25. 25. Activity 1 – Getting started Recall your time as a student and think about what you gained from being in a ‘creative classroom’ ( if not during your time in school, it could be any other experience that motivated you ) Try to identify what you received from being in that classroom that was ‘qualitatively’ different to other classroom experiences THE RIVERSIDE SCHOOL 25
  26. 26.  As a group, share and list your ideas. As individuals share, it may be useful to ask them to give examples of instances that help them explain a particular benefit. Look for commonalities and differences across the benefits listed. THE RIVERSIDE SCHOOL 26
  27. 27. What you will see You will view a classroom portrait that you have already viewed before. You will see students and teachers share their thoughts and ideas about the value of a creative classroom ( as you listen to their ideas, connect them to the ideas that you have listed – try to imagine yourself as a student in these classrooms ) THE RIVERSIDE SCHOOL 27
  28. 28. Questions for discussion :Values of the ‘creative classroom’ Content : What makes you believe that students are learning? Added value : What is the added value for the students of being in this creative classroom? How are the students benefiting beyond the acquisition of skills and knowledge? What patterns of thinking or mental habits do you see the students engaging in? THE RIVERSIDE SCHOOL 28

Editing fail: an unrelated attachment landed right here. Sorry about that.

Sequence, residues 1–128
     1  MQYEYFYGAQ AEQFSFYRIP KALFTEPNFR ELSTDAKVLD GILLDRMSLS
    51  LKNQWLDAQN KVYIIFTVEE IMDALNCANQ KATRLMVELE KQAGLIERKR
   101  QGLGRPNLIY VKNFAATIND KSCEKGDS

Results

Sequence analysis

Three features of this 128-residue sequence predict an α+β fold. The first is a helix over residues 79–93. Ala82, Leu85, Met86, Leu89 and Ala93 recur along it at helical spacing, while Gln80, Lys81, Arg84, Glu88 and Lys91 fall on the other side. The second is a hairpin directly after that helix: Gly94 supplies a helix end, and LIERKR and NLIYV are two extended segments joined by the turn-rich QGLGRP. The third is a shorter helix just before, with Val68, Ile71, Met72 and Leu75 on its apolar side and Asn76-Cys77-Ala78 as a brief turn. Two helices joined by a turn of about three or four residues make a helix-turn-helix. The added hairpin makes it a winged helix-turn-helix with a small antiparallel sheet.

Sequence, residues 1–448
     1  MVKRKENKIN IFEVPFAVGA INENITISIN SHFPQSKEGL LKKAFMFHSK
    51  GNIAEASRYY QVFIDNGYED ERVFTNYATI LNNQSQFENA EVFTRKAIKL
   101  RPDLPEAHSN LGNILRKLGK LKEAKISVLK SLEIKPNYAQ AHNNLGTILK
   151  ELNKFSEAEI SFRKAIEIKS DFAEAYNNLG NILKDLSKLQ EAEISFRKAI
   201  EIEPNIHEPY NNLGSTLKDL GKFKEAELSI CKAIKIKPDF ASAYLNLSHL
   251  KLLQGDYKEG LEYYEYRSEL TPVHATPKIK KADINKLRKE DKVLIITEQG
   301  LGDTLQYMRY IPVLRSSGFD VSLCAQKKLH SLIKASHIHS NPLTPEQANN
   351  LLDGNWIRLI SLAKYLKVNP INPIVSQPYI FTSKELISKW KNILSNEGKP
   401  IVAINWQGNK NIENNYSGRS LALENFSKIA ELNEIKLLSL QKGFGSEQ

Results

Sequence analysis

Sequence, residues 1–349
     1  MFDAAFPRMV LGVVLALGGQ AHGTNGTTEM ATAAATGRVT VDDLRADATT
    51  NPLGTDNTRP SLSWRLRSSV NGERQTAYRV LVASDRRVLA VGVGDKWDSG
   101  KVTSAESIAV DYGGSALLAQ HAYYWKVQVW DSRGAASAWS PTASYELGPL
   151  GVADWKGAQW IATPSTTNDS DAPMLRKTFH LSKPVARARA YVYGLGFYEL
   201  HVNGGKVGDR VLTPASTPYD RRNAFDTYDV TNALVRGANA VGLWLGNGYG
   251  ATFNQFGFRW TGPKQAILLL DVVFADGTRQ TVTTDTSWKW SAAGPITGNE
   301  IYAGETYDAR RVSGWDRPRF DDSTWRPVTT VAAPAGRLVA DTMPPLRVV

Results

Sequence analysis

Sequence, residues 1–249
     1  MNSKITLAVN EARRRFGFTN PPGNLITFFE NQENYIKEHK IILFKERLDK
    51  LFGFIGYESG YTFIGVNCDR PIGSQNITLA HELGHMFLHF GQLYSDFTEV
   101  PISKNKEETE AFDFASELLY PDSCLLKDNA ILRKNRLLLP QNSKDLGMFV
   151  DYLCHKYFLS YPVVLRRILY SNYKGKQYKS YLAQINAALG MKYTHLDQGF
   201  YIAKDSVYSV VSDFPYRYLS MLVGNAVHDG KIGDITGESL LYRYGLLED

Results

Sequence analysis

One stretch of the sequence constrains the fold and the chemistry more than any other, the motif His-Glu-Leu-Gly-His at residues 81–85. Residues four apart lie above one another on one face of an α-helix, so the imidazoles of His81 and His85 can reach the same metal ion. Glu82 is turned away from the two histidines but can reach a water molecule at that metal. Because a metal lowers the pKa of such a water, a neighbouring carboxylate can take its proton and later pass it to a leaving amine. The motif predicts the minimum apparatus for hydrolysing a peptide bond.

29. 29.  What attitudes towards learning do you see being developed? Long term benefits : Do these benefits have long term payoffs? What might they be? Is students understanding of basic, required content being enhanced by being in a creative classroom? If so, how? THE RIVERSIDE SCHOOL 29
  30. 30. Closure List your points under the headings – content / added value and long term benefits Is there any similarities /differences in the two lists complied? Can you now articulate the benefits that students and teachers gain out of being in a ‘creative classroom’ THE RIVERSIDE SCHOOL 30
  31. 31. Perspectives In thinking what students get out of being in a creative classroom, one needs to look beyond the written curriculum and explicit content that teachers are covering to examine what is sometimes called the ‘hidden or subversive’ curriculum. The hidden curriculum is shaped by what teachers ‘value’. THE RIVERSIDE SCHOOL 31